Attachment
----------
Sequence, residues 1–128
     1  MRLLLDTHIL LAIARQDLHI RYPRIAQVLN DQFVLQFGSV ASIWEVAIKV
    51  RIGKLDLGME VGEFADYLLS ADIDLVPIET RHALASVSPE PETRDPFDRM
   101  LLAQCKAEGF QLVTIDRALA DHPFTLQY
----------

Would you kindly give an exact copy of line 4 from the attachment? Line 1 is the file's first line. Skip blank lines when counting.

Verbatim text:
   101  LLAQCKAEGF QLVTIDRALA DHPFTLQY